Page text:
I think there's a tiny hint to some of this madness in "The Novelist's Arithmetic," an appendix at the end of my edition of the book.
But then, our memories never quite fit together either, and I have tried to suggest in this book how incomplete and sporadic our inner record of our life is apt to be.
There are things I really, really love about The Algebraist, a detailed space-opera in the extreme. The variety of aliens are fantasmagoric while theThere are things I really, really love about The Algebraist, a detailed space-opera in the extreme. The variety of aliens are fantasmagoric while the spot-on science, and unusual locales excited the astronomer side of my personality. I particularly loved the concept of Slow species vs. Quick species - i.e. species in the galaxy that live on vastly different time scales. I also laughed at a couple of the geeky jokes. When referring to the surprisingly few number of all-out Dweller wars, the number barely reaches the double digits, and that's in base-8! Ha!
After finishing the book earlier today, I'm really left wondering more about the Dwellers - the ancient Slow species that live in/on Gas Giant planets. They are an example of a long-lasting anarchy that appears to function despite their maddening laissez faire culture and self-indulgences. I love that Banks didn't give us definite answers to to the reality behind-the-scenes of the Dweller culture. There were hints at hidden organization/s and benevolent cooperation, and I'm left imagining and wondering what the "truth" was.
Ultimately, though, I found the story too hard to pick up again at each read, and the climax (or was it climaxes?) felt muddied by the changing points of view. (These are probably more a failure of the lowly reader, though.)
The Albegraist is probably best for a fan of Space-Opera romps, complex narratives and/or fans of Banks....more
Although this was a worthwhile read, I don't think the story or the characters will stay with me very long.
I found the inner story -- the reveal of tAlthough this was a worthwhile read, I don't think the story or the characters will stay with me very long.
I found the inner story -- the reveal of the true childhood of the fictional popular writer Vida Winter -- was interesting, dark and twisty with some unusual characters. Unfortunately the outer story -- the personal story of Margaret Lea, the shy, boring biographer/bookseller -- to be just as dull as she is. She is so obsessed and whiny that I was wishing there was no outer story. Except we needed her to do some outside research to progress the inner story.
Some of the mystery aspects were successful in their surprising reveal, but there were just as many that you could see from a mile away. The writing was a little too explicit, a little too neat and tidy. As much as there were some lovely turns of phrase and memorable passages, overall I couldn't help but flinch when a little event was overwritten. It's a shame, because I really wanted to like this book more....more
Part of my May/June British Invasion theme. Also titled "The Professor and the Madman" in the US. ___________________
What a weird and fascinating story!Part of my May/June British Invasion theme. Also titled "The Professor and the Madman" in the US. ___________________
What a weird and fascinating story! A bit of history of lexicography, a smattering of the history of the OED, a smidge of Civil War history, a touch of 19th/turn of 20th century mental health practices, and a skosh of US/UK relations. And a whole lotta philology as well!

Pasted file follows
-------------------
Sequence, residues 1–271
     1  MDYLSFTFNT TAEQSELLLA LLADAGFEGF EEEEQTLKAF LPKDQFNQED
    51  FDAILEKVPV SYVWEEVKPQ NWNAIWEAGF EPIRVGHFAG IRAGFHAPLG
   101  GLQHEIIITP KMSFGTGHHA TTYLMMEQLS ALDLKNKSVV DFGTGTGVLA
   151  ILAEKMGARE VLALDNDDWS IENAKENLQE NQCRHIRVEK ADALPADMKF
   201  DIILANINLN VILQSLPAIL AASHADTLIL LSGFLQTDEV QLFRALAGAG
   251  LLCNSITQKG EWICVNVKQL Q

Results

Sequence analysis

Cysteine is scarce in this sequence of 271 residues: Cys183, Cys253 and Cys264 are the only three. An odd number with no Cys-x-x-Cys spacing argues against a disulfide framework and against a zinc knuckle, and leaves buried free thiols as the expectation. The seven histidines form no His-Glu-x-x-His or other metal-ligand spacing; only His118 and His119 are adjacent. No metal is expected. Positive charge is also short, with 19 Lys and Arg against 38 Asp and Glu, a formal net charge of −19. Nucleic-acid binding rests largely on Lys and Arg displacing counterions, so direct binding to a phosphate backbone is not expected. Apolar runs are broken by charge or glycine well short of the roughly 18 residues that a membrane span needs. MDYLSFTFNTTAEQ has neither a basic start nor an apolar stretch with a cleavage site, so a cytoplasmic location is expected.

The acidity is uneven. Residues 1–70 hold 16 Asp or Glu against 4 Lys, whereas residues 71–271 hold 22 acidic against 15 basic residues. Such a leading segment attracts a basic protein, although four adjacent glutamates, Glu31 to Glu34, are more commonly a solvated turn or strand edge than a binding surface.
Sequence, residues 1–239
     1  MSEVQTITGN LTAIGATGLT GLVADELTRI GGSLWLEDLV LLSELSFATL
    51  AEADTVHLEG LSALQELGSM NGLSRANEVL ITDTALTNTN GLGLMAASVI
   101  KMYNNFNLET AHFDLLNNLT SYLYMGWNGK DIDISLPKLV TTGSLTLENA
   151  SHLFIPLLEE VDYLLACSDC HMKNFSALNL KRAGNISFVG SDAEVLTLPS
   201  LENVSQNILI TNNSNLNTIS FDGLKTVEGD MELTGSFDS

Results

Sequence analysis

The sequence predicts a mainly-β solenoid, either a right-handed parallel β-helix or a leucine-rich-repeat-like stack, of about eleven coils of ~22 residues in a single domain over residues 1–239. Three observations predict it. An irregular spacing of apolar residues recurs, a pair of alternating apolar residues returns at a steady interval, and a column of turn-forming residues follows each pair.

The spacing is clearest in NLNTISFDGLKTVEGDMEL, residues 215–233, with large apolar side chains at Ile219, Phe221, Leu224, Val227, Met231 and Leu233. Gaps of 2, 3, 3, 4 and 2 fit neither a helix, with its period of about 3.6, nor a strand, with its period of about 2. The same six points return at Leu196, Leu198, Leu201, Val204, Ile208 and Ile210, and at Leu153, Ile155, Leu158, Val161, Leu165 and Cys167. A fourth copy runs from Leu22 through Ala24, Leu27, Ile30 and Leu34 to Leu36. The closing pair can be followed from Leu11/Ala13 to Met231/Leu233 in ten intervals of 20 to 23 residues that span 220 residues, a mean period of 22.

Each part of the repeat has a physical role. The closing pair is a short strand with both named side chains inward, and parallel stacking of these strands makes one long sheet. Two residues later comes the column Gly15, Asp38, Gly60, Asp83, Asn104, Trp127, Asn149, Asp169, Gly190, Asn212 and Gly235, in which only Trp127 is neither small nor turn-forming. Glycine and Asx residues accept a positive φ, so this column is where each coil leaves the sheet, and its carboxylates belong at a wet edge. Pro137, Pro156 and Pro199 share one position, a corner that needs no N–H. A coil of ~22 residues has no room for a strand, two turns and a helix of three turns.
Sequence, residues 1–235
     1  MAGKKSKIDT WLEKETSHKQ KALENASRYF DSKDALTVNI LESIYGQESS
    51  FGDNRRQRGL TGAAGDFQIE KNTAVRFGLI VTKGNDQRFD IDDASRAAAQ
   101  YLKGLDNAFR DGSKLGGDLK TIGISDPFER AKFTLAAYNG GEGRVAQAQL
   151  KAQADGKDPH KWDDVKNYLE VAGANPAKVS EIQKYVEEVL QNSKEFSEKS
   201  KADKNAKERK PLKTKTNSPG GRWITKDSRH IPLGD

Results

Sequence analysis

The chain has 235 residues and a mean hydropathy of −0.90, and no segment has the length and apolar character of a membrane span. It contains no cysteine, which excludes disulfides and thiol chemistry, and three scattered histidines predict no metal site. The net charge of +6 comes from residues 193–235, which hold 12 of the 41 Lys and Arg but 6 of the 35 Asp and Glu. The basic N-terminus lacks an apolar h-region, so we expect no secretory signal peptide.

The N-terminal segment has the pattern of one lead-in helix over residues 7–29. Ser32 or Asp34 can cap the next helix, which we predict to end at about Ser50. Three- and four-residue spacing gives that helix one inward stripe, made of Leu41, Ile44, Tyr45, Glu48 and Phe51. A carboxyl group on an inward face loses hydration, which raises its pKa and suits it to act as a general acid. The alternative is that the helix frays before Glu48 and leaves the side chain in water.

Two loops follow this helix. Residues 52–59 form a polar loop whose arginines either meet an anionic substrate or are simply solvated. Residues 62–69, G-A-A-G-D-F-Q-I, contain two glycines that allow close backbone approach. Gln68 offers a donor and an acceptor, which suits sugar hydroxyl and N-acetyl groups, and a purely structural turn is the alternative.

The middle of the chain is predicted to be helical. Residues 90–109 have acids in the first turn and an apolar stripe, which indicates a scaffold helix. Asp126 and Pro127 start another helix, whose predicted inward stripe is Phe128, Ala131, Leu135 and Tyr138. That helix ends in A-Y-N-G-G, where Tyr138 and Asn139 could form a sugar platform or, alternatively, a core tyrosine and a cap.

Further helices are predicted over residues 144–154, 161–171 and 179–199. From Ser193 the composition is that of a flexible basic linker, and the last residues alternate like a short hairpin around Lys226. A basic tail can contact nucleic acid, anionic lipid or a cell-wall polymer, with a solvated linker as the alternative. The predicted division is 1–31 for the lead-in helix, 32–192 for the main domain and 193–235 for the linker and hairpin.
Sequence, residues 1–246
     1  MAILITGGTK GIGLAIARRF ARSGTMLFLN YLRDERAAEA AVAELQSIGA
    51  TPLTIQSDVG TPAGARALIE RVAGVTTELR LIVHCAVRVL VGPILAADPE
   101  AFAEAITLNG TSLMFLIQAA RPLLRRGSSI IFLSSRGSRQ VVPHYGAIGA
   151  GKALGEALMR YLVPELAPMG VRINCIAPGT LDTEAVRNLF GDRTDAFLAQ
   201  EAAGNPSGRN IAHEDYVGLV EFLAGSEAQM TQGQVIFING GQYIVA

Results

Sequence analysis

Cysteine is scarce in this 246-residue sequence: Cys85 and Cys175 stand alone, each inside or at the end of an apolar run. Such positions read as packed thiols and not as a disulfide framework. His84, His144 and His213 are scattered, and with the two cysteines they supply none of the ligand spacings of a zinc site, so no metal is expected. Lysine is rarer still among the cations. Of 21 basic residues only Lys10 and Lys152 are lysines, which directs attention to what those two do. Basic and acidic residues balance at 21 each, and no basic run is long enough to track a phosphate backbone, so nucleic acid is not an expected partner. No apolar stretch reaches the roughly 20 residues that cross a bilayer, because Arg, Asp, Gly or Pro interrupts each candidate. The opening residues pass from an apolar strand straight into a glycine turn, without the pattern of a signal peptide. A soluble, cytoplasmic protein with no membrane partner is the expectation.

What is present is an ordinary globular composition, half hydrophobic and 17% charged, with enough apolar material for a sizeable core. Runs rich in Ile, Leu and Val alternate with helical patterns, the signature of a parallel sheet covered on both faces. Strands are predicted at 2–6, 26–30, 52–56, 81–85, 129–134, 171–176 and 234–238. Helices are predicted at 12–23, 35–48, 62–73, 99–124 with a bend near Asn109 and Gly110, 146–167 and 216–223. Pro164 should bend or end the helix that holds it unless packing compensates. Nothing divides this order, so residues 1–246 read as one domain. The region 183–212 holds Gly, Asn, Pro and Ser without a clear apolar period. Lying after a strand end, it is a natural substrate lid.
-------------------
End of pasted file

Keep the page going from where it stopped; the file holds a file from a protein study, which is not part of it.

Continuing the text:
In 1879 when James Murray took over the editing duties for the compilation of what would become the Oxford English Dictionary - a process that took 70 years to complete - he renewed the call to language loving volunteers to submit interesting quotations of English words. In effect he was accessing the hive-mind to help the unbelievably massive project of documenting all known and past usages of English words, as well as their etymologies, and history of change as documented through quoted references.
One of the most prolific of these volunteer documentarians is Dr. William Chester Minor, a Yale-trained, U.S. Civil War veteran living in the English village of Crowthorne in Berkshire. The odd twist is that Dr W.C. Minor was at Broadmoor Criminal Lunatic Asylum, as an intelligent, wealthy, respected inmate, but one who was paranoid and undoubtedly insane. Dr. Minor in one of is nightly paranoid rages murdered an innocent man, George Merrett, in London.
And, as it turns out, the editor James Murray, didn't realize for several years that one of his most valued contributors was certifiably insane. The book chronicles, however briefly, the backgrounds of Murray and Minor, and the remarkable circumstances that led to their friendship and prolific working relationship.
This is a seriously fun book for word lovers. It's a very quick read at just under 200 pages, and often leaves the reader wanting more detail, more background and more references. I was okay with the brevity of the work, as it's not meant to be a history of the OED, just the tale of one small part, and two men whose lives intersected in the most unusual way....more
***Goodreads swap from 10/09 at Vroman's. Thank you anonymous swapper!***
What an achievement to write a book that steps into the mind of an autistic t***Goodreads swap from 10/09 at Vroman's. Thank you anonymous swapper!***
What an achievement to write a book that steps into the mind of an autistic teen yet allows us to laugh out loud and feel some deep emotions! Not to mention it reminded this crusty scientist of her childhood wide-eyed amazement and enthusiasm for the beauty of math.
Seriously, it's okay to laugh at Christopher's quirks and missteps despite his autistic-spectrum disorder. He has Behavioral Problems that most of us have experienced in one way or another, but perhaps not taken to such extremes. He reminds me a lot of Adrian Mole, twisting and bending rules and getting himself into funny, awkward situations.
My favorite part of the book is where he describes his logic of seeing red cars and having a Super Good Day. He points out to the psychologist that other people take seemingly illogical cues (the weather as they step out of the house) that sets their mood for the day. His cue is a bit more unique. Likewise, people have morning routines they faithfully follow that shows they like things nice and ordered, too.